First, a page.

For the full year 2017, GDP growth may be slightly higher than the 1.4% estimated in the previous bulletin, the Bank of Italy said.
For the full year 2017, GDP growth may be slightly higher than the 1.4% estimated in the previous bulletin, the Bank of Italy said.

Italy Outlook Rated Stable, But Faces Political Risks

While economic activity has gained momentum, Fitch continues to view Italy’s medium-term growth prospects as weak

Italy Outlook Rated Stable, But Faces Political Risks

Fitch Ratings has affirmed Italy's sovereign rating at 'BBB' with a stable outlook, citing political risk as one of the downside factors, the agency said in a statement, according to ANSA news agency on Saturday.
"The political landscape in Italy remains highly fragmented, with risks of weak government, and of populist, Eurosceptic parties influencing policy after elections due by May 2018," Fitch analysts wrote in the statement on Friday, Xinhua reported.
"Current opinion polls imply a wide split of seats and difficult coalition dynamics, with a possibility of minority government," said the ratings agency.
While the current proposed electoral reform would lower the probability of a non-mainstream party heading the government, Fitch analysts "continue to view the medium-term prospects for substantial structural reform as weak."
The electoral bill, which cleared the Lower House last week, would increase proportional representation, introduce a minimum threshold of 10% for coalitions and 3% for single parties, and abolishes bonus seats. It now goes to the senate, where the ruling coalition has a slimmer majority.
Fitch also cited Italy's high public debt and ongoing banking sector weakness as risk factors. It forecast general government debt will increase to 132.5% of GDP in 2017, from 132% in 2016, partly due to banking sector interventions earlier in the year totaling 0.6% of GDP.
Among these interventions were the precautionary recapitalization of Monte dei Paschi di Siena lender and payments for the liquidation of Banca Popolare di Vicenza and Veneto Banca, which added a total of €10.2 billion ($12.02 billion) to public debt this year, according to the ratings agency.

Praise for Gov't Efforts
Fitch forecasts the government deficit-to-GDP ratio will drop to 2.2% this year from 2.5% in 2016, while domestic demand should drive a GDP expansion of 1.4% in 2017, up from 0.9% last year.
However Fitch expects 2018 growth to slow to 1.1%, as a further pick-up in investment to 3.2% will only partly compensate for a drop in private consumption due to a fall in real wages.
It praised government efforts to cut down the load of Italian banks' non-performing loans, which fell to 9.5% of total loans in August from a peak of 10.9% in April, with the capital provisioning ratio broadly unchanged at 62%.
"Fitch expects a further, albeit more gradual, reduction in the NPL ratio over the next year," its analysts wrote.
On the upside, Fitch analysts cited Italy's "diversified, high value-added economy", low private-sector indebtedness, sustainable pension system, and low government bond yields.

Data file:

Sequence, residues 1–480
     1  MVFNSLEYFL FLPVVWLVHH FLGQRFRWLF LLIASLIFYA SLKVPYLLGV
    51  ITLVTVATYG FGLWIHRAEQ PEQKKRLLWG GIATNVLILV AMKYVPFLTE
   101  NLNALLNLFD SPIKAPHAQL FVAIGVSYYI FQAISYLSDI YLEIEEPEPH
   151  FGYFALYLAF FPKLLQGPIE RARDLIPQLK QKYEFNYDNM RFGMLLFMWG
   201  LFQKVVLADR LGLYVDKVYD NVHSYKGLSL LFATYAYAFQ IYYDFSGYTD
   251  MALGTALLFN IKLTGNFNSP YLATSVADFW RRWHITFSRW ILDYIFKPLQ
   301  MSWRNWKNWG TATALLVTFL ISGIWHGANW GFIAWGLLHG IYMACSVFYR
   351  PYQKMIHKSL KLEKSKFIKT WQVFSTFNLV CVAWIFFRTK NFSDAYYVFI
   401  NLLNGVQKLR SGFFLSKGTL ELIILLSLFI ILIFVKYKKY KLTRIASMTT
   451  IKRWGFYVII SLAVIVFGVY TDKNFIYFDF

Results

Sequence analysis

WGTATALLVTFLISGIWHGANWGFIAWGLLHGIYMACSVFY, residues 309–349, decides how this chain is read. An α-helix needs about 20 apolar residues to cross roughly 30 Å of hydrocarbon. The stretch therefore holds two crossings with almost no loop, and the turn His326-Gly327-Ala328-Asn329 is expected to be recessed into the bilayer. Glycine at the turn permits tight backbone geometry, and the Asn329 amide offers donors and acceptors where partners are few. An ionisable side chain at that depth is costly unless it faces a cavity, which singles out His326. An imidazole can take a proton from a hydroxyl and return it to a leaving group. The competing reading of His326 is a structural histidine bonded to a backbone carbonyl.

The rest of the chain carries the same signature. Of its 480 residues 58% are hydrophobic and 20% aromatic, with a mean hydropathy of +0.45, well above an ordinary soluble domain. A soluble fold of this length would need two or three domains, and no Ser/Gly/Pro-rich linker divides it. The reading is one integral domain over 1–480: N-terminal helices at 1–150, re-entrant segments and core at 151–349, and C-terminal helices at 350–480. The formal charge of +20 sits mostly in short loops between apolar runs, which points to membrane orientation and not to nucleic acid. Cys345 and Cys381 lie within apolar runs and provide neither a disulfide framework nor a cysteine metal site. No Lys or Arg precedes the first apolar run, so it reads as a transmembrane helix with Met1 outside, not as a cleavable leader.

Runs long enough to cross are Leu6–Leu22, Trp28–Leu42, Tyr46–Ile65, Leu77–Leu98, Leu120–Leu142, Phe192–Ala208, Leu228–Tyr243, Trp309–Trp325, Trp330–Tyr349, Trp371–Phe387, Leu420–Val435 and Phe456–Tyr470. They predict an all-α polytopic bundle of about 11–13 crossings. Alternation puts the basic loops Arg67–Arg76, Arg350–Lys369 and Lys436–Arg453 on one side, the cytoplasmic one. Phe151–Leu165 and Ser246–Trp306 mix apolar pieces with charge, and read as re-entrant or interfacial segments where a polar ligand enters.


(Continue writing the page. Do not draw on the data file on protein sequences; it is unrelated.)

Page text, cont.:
While economic activity has gained momentum, Fitch continues to view Italy's medium-term growth prospects as weak, the statement said.

Q3 Growth at 0.5%
Italy's economic growth improved slightly in the third quarter, led by strong performance in the service sector and non-construction industry, the Bank of Italy said Friday, Business Insider reported.
Gross domestic product continued to grow at a steady pace in the third quarter, gaining 0.5% on the previous period, a slight acceleration with respect to the spring, the bank said in its latest quarterly economic bulletin. The economy expanded 0.3% in the second quarter and 0.5% in the first three months of the year.
"During the summer, output appears to have again benefited from the growth in value added in the service sector and in non-construction industry, which both showed an improvement on the second quarter," the bank said in the report.
For the full year 2017, GDP growth may be slightly higher than the 1.4% estimated in the previous bulletin, the bank said.

High Unemployment
Confidence in Italy's economy is improving, whether gauged by consumer confidence levels started to edge higher starting in early summer, or based on yields for government bonds, which are falling as investors conclude that Italy is less risky than it had been.
But even with all this going on, the percentage of workers under the age of 35 without a job has stubbornly remained around 40%, and the number of such workers leaving Italy for more vibrant job markets abroad has been on the rise, according to Italian statistics office ISTAT.
For the youngest of workers—those under the age of 24—around one in five is neither employed, looking for a job, or engaged in studies. That is nearly double the average for the European Union as a whole.


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